Planning of the Planting

I started writing this post thinking that I should write about our hiking trip to Virginia a couple of weeks ago or my hike this last weekend with the dogs, but my mind is on gardening. Even though this month has been filled with snow and ice, I cannot stop thinking of the warm weather ahead and the things we are planning on growing. So the planning is what I have been focusing on. Last year, the plan involved a google drawing document that I shared with Andrew. As I learned more about where to grow things and how they should grow the document developed and changed.


Andrew tending to the garden towards the beginning of last summer.

This year I decided to look for some help in developing my plan, and I am super excited about what I found. There are many gardening planning applications out there, and since I am pretty excited about technology, especially as it applies to something that I love like gardening, I had to check them out. Here are just a few of the ones that I found and got excited about.

One from the Gardener’s Supply Company uses square-foot gardening techniques to create a raised bed garden, which I really like for getting ideas of how to mix and match my plants in their beds. However, I found that in the plans that I created the spacing didn’t seem right and that things tended to be a bit crowded. They have a fixed list of plants and no way to add or change the information on them besides the plant name. It was also tedious to have to scroll through the list of plants to find the one that I was looking for. I really liked that they had some pre-made beds though, as it was great for generating my own ideas of how to organize my garden. Here is one of my plans below that was a larger version of their sauces and salsa garden. I used four squares of tomatoes to represent one plant, since I think the tomatoes need a bit more space than the 1 square foot that they suggest.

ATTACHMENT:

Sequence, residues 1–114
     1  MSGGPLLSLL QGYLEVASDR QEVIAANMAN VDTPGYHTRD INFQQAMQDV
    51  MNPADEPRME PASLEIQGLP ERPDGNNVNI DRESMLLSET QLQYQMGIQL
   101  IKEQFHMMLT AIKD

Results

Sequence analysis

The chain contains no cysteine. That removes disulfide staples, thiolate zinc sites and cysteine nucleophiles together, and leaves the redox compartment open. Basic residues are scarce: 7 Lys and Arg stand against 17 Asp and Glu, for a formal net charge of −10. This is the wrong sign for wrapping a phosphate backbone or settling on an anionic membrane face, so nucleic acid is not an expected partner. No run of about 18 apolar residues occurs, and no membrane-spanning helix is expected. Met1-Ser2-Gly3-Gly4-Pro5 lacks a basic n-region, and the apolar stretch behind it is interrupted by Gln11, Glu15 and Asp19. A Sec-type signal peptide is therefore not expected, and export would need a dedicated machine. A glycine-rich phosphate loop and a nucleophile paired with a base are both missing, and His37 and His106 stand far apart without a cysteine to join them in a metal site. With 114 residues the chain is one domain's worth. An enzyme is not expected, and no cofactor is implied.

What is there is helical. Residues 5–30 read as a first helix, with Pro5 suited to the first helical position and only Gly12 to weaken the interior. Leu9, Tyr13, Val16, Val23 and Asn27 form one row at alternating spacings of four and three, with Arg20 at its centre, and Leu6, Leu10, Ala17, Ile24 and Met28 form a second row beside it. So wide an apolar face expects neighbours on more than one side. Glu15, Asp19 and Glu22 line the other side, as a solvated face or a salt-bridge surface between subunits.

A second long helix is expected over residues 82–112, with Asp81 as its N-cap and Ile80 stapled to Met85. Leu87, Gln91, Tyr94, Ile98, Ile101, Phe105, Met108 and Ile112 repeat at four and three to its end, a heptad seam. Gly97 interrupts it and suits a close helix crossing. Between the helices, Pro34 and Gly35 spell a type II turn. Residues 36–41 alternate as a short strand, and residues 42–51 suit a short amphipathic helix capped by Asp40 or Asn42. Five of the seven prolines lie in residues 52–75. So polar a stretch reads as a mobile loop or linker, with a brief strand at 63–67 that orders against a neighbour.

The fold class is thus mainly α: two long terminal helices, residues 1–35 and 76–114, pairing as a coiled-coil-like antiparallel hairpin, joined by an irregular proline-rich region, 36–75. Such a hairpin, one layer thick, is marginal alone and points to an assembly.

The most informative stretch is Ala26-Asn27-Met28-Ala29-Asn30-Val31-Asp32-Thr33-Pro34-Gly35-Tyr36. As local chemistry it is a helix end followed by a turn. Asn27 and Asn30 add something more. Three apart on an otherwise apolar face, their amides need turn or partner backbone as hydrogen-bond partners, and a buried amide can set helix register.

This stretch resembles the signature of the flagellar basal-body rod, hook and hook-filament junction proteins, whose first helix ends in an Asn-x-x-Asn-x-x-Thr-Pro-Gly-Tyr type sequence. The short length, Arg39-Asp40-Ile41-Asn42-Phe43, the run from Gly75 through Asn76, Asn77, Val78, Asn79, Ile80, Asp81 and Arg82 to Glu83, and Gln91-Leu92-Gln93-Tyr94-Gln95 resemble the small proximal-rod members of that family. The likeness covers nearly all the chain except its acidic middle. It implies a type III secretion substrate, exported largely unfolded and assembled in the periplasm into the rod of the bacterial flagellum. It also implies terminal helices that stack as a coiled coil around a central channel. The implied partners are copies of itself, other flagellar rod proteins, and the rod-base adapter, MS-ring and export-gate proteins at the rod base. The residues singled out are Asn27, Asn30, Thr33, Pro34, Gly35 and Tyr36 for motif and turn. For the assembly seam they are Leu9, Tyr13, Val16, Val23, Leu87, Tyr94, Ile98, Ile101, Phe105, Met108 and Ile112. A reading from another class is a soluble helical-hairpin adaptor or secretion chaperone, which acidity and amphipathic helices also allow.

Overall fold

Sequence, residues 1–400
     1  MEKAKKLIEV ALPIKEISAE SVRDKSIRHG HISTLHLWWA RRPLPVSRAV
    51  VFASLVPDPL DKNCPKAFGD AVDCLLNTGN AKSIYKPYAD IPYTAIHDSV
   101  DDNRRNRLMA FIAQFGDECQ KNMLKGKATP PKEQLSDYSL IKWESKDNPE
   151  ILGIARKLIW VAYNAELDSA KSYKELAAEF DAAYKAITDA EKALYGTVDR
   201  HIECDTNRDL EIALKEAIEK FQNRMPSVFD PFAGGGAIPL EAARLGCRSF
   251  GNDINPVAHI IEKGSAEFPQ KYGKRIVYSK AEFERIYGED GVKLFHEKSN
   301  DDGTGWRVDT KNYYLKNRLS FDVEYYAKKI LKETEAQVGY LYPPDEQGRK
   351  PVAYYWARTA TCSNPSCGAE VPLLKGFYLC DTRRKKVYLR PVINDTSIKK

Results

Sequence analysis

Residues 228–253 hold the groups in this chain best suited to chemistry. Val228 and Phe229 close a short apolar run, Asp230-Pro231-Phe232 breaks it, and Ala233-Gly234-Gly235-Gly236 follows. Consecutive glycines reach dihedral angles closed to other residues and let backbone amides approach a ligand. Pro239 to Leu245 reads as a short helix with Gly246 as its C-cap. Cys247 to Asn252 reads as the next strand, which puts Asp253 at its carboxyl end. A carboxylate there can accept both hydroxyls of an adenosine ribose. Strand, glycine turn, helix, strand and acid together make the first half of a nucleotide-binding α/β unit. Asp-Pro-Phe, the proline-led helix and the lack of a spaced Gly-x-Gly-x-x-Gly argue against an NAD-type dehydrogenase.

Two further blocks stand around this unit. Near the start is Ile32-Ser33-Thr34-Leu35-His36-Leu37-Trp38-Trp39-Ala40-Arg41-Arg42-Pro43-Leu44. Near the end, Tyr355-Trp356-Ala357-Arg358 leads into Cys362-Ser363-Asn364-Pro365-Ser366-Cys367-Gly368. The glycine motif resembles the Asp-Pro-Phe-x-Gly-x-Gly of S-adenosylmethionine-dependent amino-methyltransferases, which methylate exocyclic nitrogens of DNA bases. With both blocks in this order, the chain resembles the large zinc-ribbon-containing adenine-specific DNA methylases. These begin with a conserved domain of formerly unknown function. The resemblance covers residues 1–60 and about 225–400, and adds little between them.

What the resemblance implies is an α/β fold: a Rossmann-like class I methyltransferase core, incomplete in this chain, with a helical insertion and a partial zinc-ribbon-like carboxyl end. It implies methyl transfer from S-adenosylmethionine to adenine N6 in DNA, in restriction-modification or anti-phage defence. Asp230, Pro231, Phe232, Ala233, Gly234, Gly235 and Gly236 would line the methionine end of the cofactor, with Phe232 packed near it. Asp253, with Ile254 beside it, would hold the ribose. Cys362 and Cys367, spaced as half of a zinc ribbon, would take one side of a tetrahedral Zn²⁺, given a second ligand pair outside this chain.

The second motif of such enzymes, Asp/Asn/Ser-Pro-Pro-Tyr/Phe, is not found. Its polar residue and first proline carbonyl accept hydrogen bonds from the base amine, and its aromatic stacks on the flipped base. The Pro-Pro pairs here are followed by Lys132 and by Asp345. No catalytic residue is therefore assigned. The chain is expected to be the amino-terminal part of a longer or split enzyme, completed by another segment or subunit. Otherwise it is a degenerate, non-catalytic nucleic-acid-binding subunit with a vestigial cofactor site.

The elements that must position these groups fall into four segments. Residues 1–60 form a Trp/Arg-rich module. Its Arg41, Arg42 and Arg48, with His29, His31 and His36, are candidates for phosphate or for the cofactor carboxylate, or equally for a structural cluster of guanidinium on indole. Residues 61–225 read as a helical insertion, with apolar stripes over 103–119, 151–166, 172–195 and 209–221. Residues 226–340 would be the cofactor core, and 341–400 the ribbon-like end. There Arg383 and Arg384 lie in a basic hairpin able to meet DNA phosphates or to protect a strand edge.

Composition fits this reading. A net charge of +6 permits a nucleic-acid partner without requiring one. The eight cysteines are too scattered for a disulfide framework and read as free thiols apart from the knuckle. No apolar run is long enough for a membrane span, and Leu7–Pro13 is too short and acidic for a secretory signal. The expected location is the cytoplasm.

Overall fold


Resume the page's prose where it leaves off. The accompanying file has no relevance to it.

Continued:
Another application which was fun to play around with was Smart Gardener. With their various organizational tools you can clearly see when things need to be planted and can enter in the date when you plant seeds, transplant seedlings, and harvest plants. They have a nice selection of types of plants, although it took me awhile to see that there are other options like flowers and herbs that you can choose from, instead of just focusing on the vegetables. The thing that I was most excited about and also most disappointed in was the “smart” aspect of the planner. You can allow the system to recommend plans for your garden based on the plants that you selected and the bed layout that you created. Whenever it generated plans for me, it never made sense. Some plants were crowded or on top of other plants, while other parts of the garden are empty. It makes sense to have the plants automatically on the grid in some way, but I think there could be more intelligent ways of doing this. The plan they recommend for me is below. After exploring a little more, I found that they have additional features that you buy call “Smart Add Ons”. I guess instead of having a flat fee that you pay for the whole program, you are given the basics for free, and if you want more features you can purchase the ones that you find the most helpful. While I haven’t purchased any of them I like the idea of the harvest calculator add on that let’s you keep track of all the produce that is coming out of your garden,  the succession planting add on that allows you to plan out multiple plantings of an area of the garden, and  the enhancement add ons for the notes, calendar, and archives.